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New College research program gives local students world-class experience

New summer program opens scientific doors for undergraduates

Student feeding spiders in ASU lab.

Glendale Community College student Marissa Heeb maintains a population of black widow spiders as part of her summer research program on ASU's West campus. Photo by Amber Orquiz/New College

July 26, 2019

Black widow spiders have been daily companions for Marissa Heeb this summer on Arizona State University’s West campus. “It's been weirdly cool even though they're kind of creepy, but it's been a lot of fun.”

Heeb is one of eight undergraduate scholars performing graduate-level research through the New College Environmental Health Science Scholars (NCEHSS) program this summer.

“The black widow’s (DNA) genome is not mapped, unlike other organisms, so it's known the black widow is a big question mark. So, we're trying to fill in the spaces and figure out exactly what that looks like,” Heeb said.

Research experience is critical for furthering students’ science careers.

“There are many summer research experiences around the country that students would apply for and then they would travel across the country to participate in those research experiences,” said Pamela Marshall, a professor in the School of Mathematical and Natural Sciences in the New College of Interdisciplinary Arts and Sciences. “What we found was that there are actually a large number of students in Maricopa County who can't leave Maricopa County for whatever reason.”

Marshall and colleague Jennifer Hackney Price collaborated to create competitive research opportunities for place-bound students.

“That's when we decided that, ‘Hey, we can come up with a summer program where students get that same research experience but they can still fulfill their other (family or work) obligations,’” Hackney Price said.

The result is a five-year grant funded by the National Institutes Health, the NCEHSS program. The summer program provides 10 weeks of intensive classroom instruction and lab research opportunities for promising students unable to pursue similar opportunities elsewhere. Scholars also receive a $4,000 stipend for participating.

“I feel like we are really helping our students and also helping students that in live in the West Valley. We have not only ASU students, we also have students that are from the area community colleges and I feel like we're really making a difference in their lives,” said Hackney Price, also a professor in the School of Mathematical and Natural Sciences in the New College of Interdisciplinary Arts and Sciences.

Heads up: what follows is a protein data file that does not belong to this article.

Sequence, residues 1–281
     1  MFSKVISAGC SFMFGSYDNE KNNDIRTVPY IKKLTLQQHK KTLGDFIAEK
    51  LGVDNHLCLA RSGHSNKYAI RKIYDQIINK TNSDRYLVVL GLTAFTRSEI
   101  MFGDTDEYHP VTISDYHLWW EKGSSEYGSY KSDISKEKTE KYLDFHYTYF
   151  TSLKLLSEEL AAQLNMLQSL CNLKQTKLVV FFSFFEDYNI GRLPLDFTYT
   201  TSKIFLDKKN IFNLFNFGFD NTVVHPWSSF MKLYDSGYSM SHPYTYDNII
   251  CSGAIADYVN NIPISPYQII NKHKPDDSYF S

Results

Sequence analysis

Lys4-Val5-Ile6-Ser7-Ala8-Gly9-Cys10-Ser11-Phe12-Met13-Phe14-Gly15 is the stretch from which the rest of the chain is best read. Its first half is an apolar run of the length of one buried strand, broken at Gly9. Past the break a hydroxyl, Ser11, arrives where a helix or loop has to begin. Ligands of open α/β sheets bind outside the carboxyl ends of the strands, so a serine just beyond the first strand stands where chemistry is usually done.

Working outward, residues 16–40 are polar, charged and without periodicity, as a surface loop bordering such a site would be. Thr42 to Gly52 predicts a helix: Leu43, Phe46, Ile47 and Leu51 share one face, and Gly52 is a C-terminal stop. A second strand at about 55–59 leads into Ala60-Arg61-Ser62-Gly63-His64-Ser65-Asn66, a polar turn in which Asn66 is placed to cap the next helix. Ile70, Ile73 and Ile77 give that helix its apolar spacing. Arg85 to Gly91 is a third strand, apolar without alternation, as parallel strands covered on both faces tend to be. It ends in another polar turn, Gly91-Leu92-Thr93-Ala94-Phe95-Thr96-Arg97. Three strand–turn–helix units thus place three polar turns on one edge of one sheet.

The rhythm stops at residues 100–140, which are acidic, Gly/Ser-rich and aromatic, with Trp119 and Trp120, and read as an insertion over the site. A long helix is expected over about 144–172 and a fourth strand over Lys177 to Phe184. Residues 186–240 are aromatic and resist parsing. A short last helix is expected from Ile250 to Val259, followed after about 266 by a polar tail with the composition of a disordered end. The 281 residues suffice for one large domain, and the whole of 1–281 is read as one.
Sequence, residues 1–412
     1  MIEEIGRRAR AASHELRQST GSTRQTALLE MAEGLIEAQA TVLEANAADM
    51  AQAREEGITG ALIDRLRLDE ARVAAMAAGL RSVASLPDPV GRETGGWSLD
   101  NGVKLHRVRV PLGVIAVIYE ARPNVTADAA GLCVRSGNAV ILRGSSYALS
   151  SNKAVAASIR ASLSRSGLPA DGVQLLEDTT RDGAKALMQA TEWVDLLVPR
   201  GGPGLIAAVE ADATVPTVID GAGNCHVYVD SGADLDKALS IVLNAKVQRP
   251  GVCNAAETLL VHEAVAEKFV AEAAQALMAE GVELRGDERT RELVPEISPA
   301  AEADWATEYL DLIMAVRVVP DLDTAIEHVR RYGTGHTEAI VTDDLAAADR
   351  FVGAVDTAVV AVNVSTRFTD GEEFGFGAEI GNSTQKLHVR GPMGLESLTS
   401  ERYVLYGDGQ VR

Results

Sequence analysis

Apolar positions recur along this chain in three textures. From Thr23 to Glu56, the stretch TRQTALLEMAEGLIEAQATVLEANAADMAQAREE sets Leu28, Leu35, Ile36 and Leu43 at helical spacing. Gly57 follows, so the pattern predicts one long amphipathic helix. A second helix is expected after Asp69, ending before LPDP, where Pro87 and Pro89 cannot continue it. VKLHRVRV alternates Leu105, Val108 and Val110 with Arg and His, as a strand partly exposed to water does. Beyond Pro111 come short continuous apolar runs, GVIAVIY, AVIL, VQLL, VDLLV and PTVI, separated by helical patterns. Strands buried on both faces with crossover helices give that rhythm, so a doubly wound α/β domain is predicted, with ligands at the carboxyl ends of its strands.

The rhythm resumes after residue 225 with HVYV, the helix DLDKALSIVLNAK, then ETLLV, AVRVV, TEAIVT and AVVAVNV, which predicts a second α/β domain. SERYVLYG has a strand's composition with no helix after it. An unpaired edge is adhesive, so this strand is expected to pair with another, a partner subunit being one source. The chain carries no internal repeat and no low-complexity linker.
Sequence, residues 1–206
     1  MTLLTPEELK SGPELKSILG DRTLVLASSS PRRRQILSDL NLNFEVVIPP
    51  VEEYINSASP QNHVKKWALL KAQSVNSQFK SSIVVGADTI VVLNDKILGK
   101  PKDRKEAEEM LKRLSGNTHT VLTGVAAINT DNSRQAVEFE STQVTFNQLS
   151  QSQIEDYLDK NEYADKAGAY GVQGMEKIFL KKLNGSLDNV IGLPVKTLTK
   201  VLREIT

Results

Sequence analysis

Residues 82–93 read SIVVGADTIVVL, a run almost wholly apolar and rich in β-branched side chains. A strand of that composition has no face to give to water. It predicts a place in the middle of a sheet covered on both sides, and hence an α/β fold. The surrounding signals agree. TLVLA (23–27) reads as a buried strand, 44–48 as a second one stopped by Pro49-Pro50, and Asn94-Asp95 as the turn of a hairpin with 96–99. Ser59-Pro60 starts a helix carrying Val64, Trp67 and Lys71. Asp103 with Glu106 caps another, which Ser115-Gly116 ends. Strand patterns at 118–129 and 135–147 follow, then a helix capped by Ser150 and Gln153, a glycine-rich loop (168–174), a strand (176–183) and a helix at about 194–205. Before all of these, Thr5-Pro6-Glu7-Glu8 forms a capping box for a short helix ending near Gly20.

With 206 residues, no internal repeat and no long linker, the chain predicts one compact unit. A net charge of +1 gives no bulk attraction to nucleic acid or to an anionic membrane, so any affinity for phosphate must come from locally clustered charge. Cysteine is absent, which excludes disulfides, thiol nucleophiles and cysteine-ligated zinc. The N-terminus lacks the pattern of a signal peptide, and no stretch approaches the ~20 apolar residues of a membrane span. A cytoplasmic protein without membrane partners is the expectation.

Scholar Jacqueline McCarter attends Phoenix Community College and is transferring to ASU’s New College this fall.

“My home is about 25 minutes from this campus so it makes it extremely convenient," she said. "If I had to travel outside of the state for this program, I would not be able to do it as a lot of us here do have families, we have jobs, different responsibilities that definitely hinder us from being able to travel outside of the states like some people do.”

Video by ASU New College

Just weeks into the summer program, McCarter and her lab partner made a dramatic discovery.

“They actually identified a cell phenomenon that nobody has ever seen before and so we're taking my research in a new and different direction than we ever have before,” said Marshall, who was their mentor. Marshall said the discovery has implications for better understanding and treating heart disease.

“This program has surpassed anything that I originally had imagined for myself as far as all the invaluable information that I've learned along the way,” McCarter said of her experience this summer.

As the inaugural year of this program concludes, participants will present their research findings through a poster session.

“Another unique aspect about our program is we are asking them to invite their families, their significant others, if they're community college students or transferred from community college, invite their faculty, their high school teachers, anybody that they want. We want to make it a very friendly, welcoming, open type of experience,” Marshall said.

For Heeb, the opportunity could have lasting effects: “It's been really eye-opening for me personally. I came into this and didn't know exactly what my plan was for the future. Now with the guidance of Dr. Hackney Price, I feel like I know what I want to do with my life.”

The professors are already looking forward to recruiting next summer’s cohort.

“For next year we anticipate that the applications will be up late in the fall semester. Students will apply with the application due sometime between January and February,” Marshall said.

Program criteria and applications for next summer’s program will be available at

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